Oral History

Miso (Michael) Vogel describes arrival at Auschwitz

In 1939, Slovak fascists took over Topol'cany, where Miso lived. In 1942, Miso was deported to the Slovak-run Novaky camp and then to Auschwitz. At Auschwitz, he was tattooed with the number 65,316, indicating that 65,315 prisoners preceded him in that series of numbering. He was forced to labor in the Buna works and then in the Birkenau "Kanada" detachment, unloading incoming trains. In late 1944, prisoners were transferred to camps in Germany. Miso escaped during a death march from Landsberg and was liberated by US forces.

Transcript

So they marched us through the gate with whips and beatings and dogs jumping on us. We came to a huge brick building. They shoved us...shoved us into the huge brick building, and there were prisoners and SS telling us what to do next. It was tables, long tables. The first area, where we had to undress, strip our clothing. There were hooks behind us. You put the clothing through a piece of wire, hang the clothing up, take our shoes off, put the shoes on the floor. Next table were the barbers, the camp barbers, where they shaved our head, they cut our hair, shaved the entire body. They said it's for hygiene. Then we moved to another table where the tattooing was done. So, the tatoo was done on the left forearm. There was one person who would rub the...a little piece of dirty alcohol on your arm, and the other one had the...had the needle with the inkwell, and he would do the numbering. So my number is 65,316. That means there were 65,315 people numbered before me, tattooed before me. After the tattoo...tattooing was done, they put us where they gave us the clothing, but not what we came with. They gave us, issued us a striped brown cap, a jacket, striped jacket, a pair of striped trousers, a pair of wooden clogs, and a shirt. No socks or underwear. Then the last area, when they gave us the uniform, they gave us two strips of cloth. The cloth, I would say, was about six inches long, maybe inch-and-a-half wide. And it [was] star...starred with the Star of David, corresponding with the number on your left forearm, sewn on your left breast and on the right pant leg. And then the last item, which was the most important item that we received, was a round bowl. And this bowl was the lifeblood of your being. First of all, without it you couldn't get the meager rations that we got. And second, the bathroom facilities were almost non-existent.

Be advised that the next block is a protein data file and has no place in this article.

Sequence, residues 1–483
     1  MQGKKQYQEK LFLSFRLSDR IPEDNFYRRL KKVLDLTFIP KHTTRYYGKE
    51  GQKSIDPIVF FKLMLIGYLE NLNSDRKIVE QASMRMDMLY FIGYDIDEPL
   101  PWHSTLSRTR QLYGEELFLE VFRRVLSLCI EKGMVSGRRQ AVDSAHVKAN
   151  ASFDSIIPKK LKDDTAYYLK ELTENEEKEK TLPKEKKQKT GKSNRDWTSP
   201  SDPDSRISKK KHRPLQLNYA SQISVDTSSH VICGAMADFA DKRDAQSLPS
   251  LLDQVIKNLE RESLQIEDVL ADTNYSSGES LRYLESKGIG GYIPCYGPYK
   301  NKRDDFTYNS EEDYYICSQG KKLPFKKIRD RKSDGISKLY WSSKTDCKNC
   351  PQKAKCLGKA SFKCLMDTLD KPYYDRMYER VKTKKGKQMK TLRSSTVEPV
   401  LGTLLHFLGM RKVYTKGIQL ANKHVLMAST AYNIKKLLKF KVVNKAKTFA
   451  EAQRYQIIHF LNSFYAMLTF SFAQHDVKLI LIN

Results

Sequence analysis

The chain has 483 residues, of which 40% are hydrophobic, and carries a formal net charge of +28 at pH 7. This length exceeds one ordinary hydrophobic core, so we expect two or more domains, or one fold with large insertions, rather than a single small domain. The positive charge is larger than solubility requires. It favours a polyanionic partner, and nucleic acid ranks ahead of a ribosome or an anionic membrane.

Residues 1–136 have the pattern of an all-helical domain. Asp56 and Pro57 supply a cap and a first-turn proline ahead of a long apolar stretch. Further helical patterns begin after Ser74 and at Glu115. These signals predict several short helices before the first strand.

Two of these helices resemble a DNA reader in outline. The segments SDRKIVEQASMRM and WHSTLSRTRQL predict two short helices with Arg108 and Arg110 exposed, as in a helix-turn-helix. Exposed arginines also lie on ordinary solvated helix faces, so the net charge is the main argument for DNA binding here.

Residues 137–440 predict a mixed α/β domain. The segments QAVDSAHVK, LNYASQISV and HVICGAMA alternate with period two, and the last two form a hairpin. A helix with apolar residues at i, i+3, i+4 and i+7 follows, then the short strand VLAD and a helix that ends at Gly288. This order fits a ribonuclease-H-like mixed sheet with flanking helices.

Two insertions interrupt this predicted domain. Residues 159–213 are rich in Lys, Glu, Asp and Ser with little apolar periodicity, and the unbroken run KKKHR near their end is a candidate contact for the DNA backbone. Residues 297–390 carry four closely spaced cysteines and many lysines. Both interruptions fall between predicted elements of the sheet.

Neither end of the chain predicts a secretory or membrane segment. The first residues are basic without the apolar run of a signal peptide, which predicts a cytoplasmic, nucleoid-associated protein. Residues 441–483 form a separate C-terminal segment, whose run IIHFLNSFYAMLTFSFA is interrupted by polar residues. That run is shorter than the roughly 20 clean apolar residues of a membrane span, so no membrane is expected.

• US Holocaust Memorial Museum Collection
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